01May19 USA Notam KICZ A0013/19 Flights are prohibited below FL260
United Arab Emirates
Missiles fired by Yemeni rebels (Houthis) have reached Saudi Arabia multiple times, and they have threatened to fire at the UAE. In April 2019 a spokesman for the Houthis said - "Our missiles are capable of reaching Riyadh and beyond Riyadh, to Dubai and Abu Dhabi."
16Feb21 United Arab Emirates Notam OMAE A0404/21 Risk from Houthi weapons targeting UAE territory
Lebanon
The primary risk in Lebanon’s airspace (the OLBB/Beirut FIR) relates to its proximity to Syria: civil aircraft may be targeted in error, or caught in crossfire during ongoing air attacks involving Israel, Russia, Iran. Missiles may erroneously lock on to civil aircraft. There is a risk to civil aircraft operating on airways UL620, UW74, UR18, and UP62. In simple terms, if you find yourself planned overwater east of Cyprus, reconsider your route.

Several countries have issued airspace warnings for Syria, banning operators from entering the OSTT/Damascus FIR. Many of these warnings include include the note that there is a potential risk to aircraft within 200nm of the Damascus FIR (i.e. the LLLL/Tel Aviv, OJAC/Amman, OLBB/Beirut and LCCC/Nicosia FIRs) due to military activity - possibility of GPS interference, communication jamming, and long-range surface to air missiles in the area.

Major events:
Feb 2020: An A320 enroute OSDI/Damascus caught in crossfire during attack by 4 Israeli F-16’s, forced to divert to Russian controlled air base.
Sep 2018: Russian IL-20 shot down in error on FIR boundary with Cyprus (Nicosia FIR) - airline flights on UL620 within 50nm of this position.

Read: OpsGroup Note -Syria, Sep 2018 (PDF)

23Apr21 USA FAA Information Note Syria/Israel An errant surface-to-air missile fired by Syrian air defences missed its target and landed in Israel on 22 Apr 2021. Syria is actively using long range anti-aircraft weaponry which poses a risk to civil aircraft in the region. While US operators are banned from the OSTT/Damascus FIR, the FAA warns the threat is extended to adjacent FIRs in the Eastern Mediterranean region including the LLLL/Tel Aviv, OJAC/Amman, OLBB/Beirut and LCCC/Nicosia FIRs. Use caution if operating in the area.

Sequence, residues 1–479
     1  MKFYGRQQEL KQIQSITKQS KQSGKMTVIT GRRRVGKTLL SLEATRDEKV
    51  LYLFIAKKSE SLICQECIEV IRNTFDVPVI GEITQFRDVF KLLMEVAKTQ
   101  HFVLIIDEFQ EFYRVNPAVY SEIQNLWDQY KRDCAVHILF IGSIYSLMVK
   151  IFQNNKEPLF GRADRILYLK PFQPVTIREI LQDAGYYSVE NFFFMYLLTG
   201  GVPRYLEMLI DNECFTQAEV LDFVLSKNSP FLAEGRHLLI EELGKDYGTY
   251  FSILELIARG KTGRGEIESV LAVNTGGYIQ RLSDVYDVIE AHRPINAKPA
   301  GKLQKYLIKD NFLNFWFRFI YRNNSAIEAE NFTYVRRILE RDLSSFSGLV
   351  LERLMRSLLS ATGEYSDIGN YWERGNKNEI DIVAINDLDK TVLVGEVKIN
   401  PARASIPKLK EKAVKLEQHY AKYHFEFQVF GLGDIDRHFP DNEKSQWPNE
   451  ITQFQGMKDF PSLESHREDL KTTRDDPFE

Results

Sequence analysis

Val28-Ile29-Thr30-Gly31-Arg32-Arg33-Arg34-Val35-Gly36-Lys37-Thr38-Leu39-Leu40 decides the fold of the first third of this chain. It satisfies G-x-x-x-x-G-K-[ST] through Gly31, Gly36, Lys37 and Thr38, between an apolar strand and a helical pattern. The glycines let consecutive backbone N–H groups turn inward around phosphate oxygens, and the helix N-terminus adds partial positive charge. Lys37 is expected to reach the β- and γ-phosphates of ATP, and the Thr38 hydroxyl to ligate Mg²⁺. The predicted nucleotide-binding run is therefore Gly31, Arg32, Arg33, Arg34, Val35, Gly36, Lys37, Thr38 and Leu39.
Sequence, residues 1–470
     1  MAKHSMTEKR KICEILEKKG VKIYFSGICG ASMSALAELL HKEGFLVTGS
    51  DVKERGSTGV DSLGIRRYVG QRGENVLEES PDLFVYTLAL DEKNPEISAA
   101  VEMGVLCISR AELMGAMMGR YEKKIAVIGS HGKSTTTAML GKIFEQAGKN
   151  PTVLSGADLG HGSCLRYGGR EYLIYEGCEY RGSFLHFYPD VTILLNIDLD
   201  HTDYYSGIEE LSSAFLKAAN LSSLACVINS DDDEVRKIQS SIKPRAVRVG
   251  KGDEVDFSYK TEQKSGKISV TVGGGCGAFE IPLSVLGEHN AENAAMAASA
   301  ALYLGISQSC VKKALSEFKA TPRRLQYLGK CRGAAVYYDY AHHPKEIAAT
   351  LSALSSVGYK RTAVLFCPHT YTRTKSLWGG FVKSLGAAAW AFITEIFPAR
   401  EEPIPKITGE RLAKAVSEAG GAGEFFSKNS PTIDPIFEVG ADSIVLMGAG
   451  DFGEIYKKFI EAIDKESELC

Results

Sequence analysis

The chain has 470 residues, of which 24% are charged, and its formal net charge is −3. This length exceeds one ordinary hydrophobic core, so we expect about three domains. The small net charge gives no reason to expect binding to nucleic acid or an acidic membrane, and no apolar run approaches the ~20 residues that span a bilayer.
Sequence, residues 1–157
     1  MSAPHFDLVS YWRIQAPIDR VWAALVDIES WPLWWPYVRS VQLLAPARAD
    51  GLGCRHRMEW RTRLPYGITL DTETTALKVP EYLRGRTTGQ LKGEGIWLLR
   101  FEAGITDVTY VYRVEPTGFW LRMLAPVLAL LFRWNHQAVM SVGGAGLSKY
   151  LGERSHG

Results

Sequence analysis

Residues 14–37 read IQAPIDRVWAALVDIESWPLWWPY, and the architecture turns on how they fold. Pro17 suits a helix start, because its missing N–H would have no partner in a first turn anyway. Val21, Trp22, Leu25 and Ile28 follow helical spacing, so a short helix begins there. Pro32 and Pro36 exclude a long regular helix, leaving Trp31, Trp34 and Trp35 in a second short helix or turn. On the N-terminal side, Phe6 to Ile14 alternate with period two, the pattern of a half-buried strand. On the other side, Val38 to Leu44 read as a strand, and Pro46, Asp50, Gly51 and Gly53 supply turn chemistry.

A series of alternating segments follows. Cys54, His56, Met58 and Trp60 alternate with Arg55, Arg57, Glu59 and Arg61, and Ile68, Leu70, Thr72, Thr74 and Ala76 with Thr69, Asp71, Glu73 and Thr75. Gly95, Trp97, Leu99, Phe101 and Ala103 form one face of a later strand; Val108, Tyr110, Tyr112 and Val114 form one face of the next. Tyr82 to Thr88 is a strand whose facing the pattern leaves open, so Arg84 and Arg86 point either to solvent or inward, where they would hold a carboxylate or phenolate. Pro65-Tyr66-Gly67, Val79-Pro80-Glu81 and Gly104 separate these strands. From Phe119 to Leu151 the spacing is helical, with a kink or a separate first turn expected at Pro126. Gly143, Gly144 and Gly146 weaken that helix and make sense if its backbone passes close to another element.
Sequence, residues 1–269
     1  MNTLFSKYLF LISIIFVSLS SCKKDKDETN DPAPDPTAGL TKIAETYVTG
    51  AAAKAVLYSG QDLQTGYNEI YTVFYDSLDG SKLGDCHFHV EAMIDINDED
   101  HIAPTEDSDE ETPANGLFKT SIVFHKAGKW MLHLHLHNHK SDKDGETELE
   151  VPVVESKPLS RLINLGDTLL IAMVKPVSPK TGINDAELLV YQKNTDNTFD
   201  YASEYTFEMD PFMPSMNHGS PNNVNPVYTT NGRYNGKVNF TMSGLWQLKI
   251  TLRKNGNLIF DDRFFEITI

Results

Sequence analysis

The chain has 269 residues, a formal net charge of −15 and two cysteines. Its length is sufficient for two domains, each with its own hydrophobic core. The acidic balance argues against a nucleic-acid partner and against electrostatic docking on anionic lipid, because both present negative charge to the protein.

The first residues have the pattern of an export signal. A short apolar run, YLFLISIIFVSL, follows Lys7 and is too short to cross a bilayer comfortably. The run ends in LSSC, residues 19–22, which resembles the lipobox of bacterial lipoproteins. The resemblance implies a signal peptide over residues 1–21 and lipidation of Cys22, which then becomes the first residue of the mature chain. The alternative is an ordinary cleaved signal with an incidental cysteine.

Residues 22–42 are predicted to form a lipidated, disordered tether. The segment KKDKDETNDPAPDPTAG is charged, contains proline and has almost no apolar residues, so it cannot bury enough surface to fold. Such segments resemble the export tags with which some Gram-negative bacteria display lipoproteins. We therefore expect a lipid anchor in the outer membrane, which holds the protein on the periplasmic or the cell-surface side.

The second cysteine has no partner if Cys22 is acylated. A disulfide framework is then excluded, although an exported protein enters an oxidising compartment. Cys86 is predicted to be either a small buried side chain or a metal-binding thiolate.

14Apr18 USA Notam KICZ A0009/18 Exercise caution within 200nm of the Damascus FIR due to military activity. Possibility of GPS interference, communication jamming, and long-range surface to air missiles in the area.
Chad
N'Djamena in the past was a popular fuel stop in central Africa, but multiple travel warnings now advise against travel here. No official state Notams have been issued, but danger remains high.  A state of emergency remains in place for the Lake Chad region. High threat for terrorism. Avoid landings.
Cyprus
Two issues the LCCC/Nicosia FIR over Cyprus: proximity to active conflict zone in Syria, and GPS Interference.

The primary risk is from the proximity to Syria: civil aircraft may be targeted in error, or caught in crossfire during ongoing air attacks involving Israel, Russia, Iran. Missiles may erroneously lock on to civil aircraft. There is a risk to civil aircraft operating on airways UL620, UW74, UR18, and UP62. In simple terms, if you find yourself planned overwater east of Cyprus, reconsider your route.

The secondary risk is from GPS Interference. This has been ongoing since 2018. In April 2018, the Nicosia FIR began being used as a military staging for possible strikes in Syria, prompting EASA to issue a warning, and lead to avoidance of the FIR by many airlines.

Major events:
Sep 2018: Russian IL-20 shot down in error on FIR boundary with Cyprus (Nicosia FIR) - airline flights on UL620 within 50nm of this position.

11Feb20 Cyprus Notam LCCC A0211/20 Expect GPS interference in Cyprus Airspace.
14Apr18 USA Notam KICZ A0009/18 Exercise caution within 200nm of the Damascus FIR due to military activity. Possibility of GPS interference, communication jamming, and long-range surface to air missiles in the area.
22Mar18 Cyprus Notam LCEN N0068/18 GPS Outages have been reported in the LCEN/Ercan Advisory Airspace.
Philippines
There has been a high volume of crew reports of GPS Interference in the Philippines, leading to GPS/ADS-B dropouts, especially in the vicinity of RPLL/Manila.
08May17 Philippines Notam B1584/17 Reports of GPS interference affecting RPLL/Manila Airport.
Central African Republic
The situation on the ground in the Central African Republic is volatile and as of June 2017 has been deteriorating rapidly. There have been numerous attacks on Civilians and peacekeeping troops. Bangui FEFF is operating under UN control, it is subject to regular power outages and is also acting as a refugee camp. Avoid landings.